The terrorist threat remains real and there is no room for complacency. The public should remain alert and aware of their surrounding at all times. If something strikes you as suspicious and out of place then trust your instincts and report it.
Terrorism Threat Levels
The current threat level of a terrorist attack in the UK is assessed as SEVERE. This means that an attack is highly likely.
CRITICAL - An attack is expected imminently
SEVERE - An attack is highly likely
SUBSTANTIAL - An attack is a strong possibility
MODERATE - An attack is possible but not likely
LOW - An attack is unlikely
Threat levels don’t have an expiry date; they can change at any time as different information becomes available. The level is set by the Joint Terrorism Analysis Centre and the Security Service (MI5). More information on the threat levels can be found on the MI5 website.
How to report
The threat posed by terrorist to the UK is real. If you have any concerns about potential terrorist activity within your community please report them. We want to hear from you and reports will be handled in the strictest confidence.
- Confidential Anti-Terrorist Hotline on 0800 789 321
- Northamptonshire Police on 101 (03000 111 222 for Northamptonshire Police if you are calling from outside the county)
- You can report online terrorism content (words, pictures, videos) you think may be illegal or which you find offensive to a specialist police team. Your report will be treated anonymously
In the event of an emergency, please call 999.
Vigilance is our best defence against terrorism and crime. If you see or hear anything that strikes you as suspicious, please report it.
What can you do?
We need your help and support to keep communities in Northamptonshire safe. You know your neighbourhood and/or workplace and are best placed to recognise something that is out of place. We ask you to remain vigilant, trust your instincts and report activity that seems suspicious to the police.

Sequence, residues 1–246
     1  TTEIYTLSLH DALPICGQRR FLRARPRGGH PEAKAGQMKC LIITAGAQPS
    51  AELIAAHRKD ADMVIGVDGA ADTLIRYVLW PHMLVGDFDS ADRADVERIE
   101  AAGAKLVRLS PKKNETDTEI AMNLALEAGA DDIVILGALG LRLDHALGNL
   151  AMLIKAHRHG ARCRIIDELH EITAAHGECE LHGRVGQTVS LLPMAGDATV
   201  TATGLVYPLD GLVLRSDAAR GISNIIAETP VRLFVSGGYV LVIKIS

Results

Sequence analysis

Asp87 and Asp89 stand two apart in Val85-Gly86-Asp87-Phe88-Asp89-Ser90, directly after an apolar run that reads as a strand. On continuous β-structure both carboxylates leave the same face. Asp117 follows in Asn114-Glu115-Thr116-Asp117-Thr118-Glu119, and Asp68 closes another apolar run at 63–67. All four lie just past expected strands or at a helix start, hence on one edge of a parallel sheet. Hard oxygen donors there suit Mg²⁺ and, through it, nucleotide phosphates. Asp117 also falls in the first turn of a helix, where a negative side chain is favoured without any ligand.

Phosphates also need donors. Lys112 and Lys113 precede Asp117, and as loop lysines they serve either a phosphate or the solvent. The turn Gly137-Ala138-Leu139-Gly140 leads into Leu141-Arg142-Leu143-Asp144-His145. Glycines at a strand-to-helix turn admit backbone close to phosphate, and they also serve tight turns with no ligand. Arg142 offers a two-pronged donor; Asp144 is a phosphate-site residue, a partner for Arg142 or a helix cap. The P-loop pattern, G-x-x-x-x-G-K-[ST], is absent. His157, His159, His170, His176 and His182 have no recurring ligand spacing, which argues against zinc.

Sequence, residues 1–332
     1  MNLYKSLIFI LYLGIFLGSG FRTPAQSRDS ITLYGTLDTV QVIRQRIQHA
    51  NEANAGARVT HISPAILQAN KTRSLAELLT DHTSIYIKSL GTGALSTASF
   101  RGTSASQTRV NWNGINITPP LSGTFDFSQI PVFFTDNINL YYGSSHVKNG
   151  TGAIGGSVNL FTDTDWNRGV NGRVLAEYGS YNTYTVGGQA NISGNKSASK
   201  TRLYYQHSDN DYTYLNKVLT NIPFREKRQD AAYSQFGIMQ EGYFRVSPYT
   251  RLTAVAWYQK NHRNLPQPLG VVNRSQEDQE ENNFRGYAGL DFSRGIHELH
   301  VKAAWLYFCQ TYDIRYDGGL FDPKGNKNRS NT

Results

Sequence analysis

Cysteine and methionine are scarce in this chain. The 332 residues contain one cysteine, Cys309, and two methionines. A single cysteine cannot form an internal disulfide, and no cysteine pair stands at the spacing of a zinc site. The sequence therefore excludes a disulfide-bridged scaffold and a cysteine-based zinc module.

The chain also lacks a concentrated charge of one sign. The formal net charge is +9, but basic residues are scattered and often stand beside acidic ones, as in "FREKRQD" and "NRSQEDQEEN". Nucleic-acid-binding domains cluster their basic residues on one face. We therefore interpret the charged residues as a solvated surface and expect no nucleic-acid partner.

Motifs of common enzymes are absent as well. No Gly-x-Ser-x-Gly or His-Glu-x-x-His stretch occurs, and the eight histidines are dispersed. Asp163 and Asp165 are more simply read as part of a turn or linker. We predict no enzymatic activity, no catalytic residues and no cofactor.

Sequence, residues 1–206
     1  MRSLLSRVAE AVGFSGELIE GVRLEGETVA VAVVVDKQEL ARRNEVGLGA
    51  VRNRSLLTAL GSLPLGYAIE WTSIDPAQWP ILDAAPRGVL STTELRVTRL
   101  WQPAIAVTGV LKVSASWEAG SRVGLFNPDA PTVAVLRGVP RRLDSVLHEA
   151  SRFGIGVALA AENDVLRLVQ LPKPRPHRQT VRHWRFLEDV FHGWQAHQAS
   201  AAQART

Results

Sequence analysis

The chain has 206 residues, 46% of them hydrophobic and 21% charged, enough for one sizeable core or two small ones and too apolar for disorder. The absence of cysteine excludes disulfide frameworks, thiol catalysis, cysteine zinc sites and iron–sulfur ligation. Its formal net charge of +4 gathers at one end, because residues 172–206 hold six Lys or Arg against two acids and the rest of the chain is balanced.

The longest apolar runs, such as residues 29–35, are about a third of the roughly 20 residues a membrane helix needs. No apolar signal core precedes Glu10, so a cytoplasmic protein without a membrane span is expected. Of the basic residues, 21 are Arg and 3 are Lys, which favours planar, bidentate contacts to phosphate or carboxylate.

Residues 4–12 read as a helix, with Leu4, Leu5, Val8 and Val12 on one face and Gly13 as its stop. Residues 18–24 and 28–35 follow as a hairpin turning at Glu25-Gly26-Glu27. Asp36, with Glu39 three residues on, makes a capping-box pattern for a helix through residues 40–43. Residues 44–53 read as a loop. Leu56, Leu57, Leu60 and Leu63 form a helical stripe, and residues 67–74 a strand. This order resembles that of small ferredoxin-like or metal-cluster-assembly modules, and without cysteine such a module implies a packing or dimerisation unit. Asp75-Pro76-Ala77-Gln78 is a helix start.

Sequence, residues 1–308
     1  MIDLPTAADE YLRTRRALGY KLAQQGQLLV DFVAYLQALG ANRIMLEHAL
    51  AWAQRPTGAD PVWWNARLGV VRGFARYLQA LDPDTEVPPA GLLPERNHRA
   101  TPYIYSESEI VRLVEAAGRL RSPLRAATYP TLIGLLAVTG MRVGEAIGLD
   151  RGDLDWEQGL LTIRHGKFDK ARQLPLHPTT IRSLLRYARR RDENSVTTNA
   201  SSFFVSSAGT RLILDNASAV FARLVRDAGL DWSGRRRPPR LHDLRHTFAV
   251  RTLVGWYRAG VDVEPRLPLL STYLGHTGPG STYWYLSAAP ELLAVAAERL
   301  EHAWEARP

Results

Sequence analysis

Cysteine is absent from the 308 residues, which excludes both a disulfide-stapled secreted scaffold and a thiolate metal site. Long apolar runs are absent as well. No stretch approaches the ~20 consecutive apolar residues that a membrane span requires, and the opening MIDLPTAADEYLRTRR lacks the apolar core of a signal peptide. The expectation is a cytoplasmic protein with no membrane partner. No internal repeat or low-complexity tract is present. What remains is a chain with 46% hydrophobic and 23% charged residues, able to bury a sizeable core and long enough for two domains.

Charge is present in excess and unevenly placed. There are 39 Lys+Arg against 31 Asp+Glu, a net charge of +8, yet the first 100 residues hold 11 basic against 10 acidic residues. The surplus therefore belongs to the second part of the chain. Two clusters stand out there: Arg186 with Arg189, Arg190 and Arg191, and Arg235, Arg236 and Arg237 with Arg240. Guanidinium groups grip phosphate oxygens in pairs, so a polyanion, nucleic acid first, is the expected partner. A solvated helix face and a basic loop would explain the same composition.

Examples of suspicious behaviour include:
- People in stationary vehicles watching a building or structure, for no apparent reason.
- Vehicles moving slowly near public buildings, structures or bridges, or parked in suspicious circumstances.
- People using recording equipment, including camera phones, or seen making notes or sketches of security details for no apparent reason.
- Someone paying close attention to specific entry and exit points; stairwells, hallways, fire escapes for no apparent reason.
- People loitering at or near premises for long periods, watching patrons, for no apparent reason.
- People asking detailed or unusual questions about buildings and business operations, facilities (such as room layouts), security or parking for no apparent reason.
- Members of the public in offices and ‘off limits’ areas, plant rooms and similar locations.
It may be nothing, but if you see or hear anything that could be terrorist-related trust your instincts and call the Anti-Terrorist Hotline on 0800 789 321.
If you suspect it, report it.
What does Northamptonshire Police do?
Northamptonshire police take every opportunity to protect the public from harm. We work with a broad range of agencies locally, regionally and nationally to tackle terrorism.
We are part of the East Midlands Counter Terrorism Intelligence Unit (EM CTIU) encompassing all five East Midlands forces Special Branches into one policing unit under a unified command structure.
The EM CTIU provides increased resilience for all five forces in managing and responding to the ever-changing operational threats faced in the East Midlands. The unit plays a critical role in tackling the terrorist and domestic extremist threat and as part of the national counter terrorism network, providing an intelligence management and handling capability.
Intelligence collection and analysis
Intelligence is gathered by both overt and covert methods. It is then assessed, evaluated, analysed and disseminated and is used to inform both Police forces and other agencies about threats from groups and individuals regarding national security and domestic extremism issues.